France Is Not Antisemitic

November 1, 2002
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by Nonna Mayer

Since September 2000, Patrick Klugman and Malek Boutih — in their book The Antijews: The Book of Antisemitic Violence in France — count 405 antisemitic acts, from offensive graffiti to arson. The statistics of the National Consultative Commission on Human Rights (the official police report) record 146 antisemitic acts in the same period (attacks, aggression, and insults) and 773 threats (graffiti, anonymous letters, and pamphlets). However the statistics are calculated, the numbers are astronomical and disturbing.

Do they mark a renewal of antisemitism? Are they symptoms, as Pierre André Taguieff writes in his latest book, The New Jewish Phobia, of a specific anti-Jewish racism, originating in the anti-Zionist, pro-Third World milieu and nurtured by radical Islamic fundamentalist circles? It is necessary to separate deeds from opinions. As frightening and worrisome as they are, these recurrent violent acts against French Jews, their houses of worship, and their schools are the acts of a minority group that embodies a psychological and social profile of being young members of geographically localized immigrant families. The aggressors are the children of immigrant families, originating from “sensitive neighborhoods” – mostly implicated in delinquency and not embracing any particular ideology. They are motivated by a sentiment of more or less widespread hostility toward Israel, exacerbated by the extensive media coverage of Middle East events which, according to them, reproduces the patterns of exclusion and failure that they themselves feel victims of in France. Their acts appear to be generalized to the larger population of young French people.

To measure public opinion, one can analyze the many polls taken since World War II regarding the image of Jews in France. The answers seem to show that the Jewish minority is more and more accepted in French society. In 1946, a little more than one-third of those polled considered that a French citizen of Jewish origin was “as French as any other French person,” whereas in the fall of 2000 the proportion exceeded two-thirds. In 1966, half of the French were hostile to the idea that a president of France could be Jewish, while today that percentage is less than one in ten. Regarding Vichy and the Holocaust, there is an almost unanimous opinion that denial of these events should be punished. A majority of those polled also approve of the declaration by Jacques Chirac on the responsibilities incurred by the French state for these events and agree that the Jews should receive reparation for the pillage of their belongings.

In short, antisemitism is retreating, with the exception of two elements. The stereotype of the rich and overly influential Jew continues to persist. From 1988 to 1991, one French citizen in five thought that “Jews have too much power in France.” In 1999 that proportion rose to 31 percent, and again to 34 percent in 2000. This is not innocent. Those inclined to attribute to Jews too much influence also feel that there are “too many Jews” and doubt how integrated Jews are into French society.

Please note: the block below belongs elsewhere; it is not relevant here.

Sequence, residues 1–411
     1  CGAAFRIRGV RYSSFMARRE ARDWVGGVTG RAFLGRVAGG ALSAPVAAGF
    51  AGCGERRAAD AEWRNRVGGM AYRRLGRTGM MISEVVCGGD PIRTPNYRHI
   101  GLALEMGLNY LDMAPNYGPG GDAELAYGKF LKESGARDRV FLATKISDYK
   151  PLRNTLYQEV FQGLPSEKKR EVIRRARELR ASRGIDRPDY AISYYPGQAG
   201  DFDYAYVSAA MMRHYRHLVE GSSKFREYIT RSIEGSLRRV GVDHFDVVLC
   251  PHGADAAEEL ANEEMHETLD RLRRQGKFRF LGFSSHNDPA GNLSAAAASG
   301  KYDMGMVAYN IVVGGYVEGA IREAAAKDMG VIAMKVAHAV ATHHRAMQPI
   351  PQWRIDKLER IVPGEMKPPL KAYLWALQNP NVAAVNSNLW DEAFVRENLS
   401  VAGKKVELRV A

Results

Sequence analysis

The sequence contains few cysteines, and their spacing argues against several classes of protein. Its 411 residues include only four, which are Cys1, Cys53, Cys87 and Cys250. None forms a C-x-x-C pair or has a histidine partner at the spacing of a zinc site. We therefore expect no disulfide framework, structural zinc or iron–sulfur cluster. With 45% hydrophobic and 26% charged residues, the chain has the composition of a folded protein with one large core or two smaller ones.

The antisemitism of those who feel that Jews have too much power is similar to ordinary racism and goes hand in hand with the rejection of other minorities. It is part of a globally hostile attitude toward all groups who appear different. The same people who judged Jews to be too numerous (20 percent in 2000) also believe that there are too many Asians in France (62 percent), too many Blacks (86 percent), and too many Arabs (97 percent). These people are the most hostile to the construction of mosques for Muslims, the most opposed to allowing non-European foreigners to vote, and the least interested in the fight against racism. Their cultural and socioeconomic profile is rigorously identical to that of other racists.

The rejection of Jews is most prevalent in poor neighborhoods, among those with little education and among older people, those most worried about their future, and especially those farthest to the right politically. In the fall of 2000, according to a scale of antisemitism constructed from responses to the three questions regarding the image of Jews, only 20 percent of those belonging to the political far left or the Green Party gave antisemitic responses. More than 40 percent of this type of response was generated by the center right, while more than 50 percent of these responses came from those affiliated with the right and far right. Can we conclude that there is no antisemitism on the left? No; there always has been. There is even an old tradition of leftist antisemitism generated from anticapitalism. But there is less on the left than on the right. Has antisemitism grown more on the left than on the right? No. Between 1988 and 2000 those who embraced the stereotype that Jews have too much power rose from 19 to 27 percent of those who declare themselves more to the left, but it rose 30 to 50 percent among those more to the right. Today’s antisemitism is terribly similar to an older version.

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Nonna Mayer works at the Centre for the Study of French Political Life and teaches at the l'Institut d'études politiques in Paris. This essay is adapted, with permission, from an essay in Le Monde, April 4, 2002.

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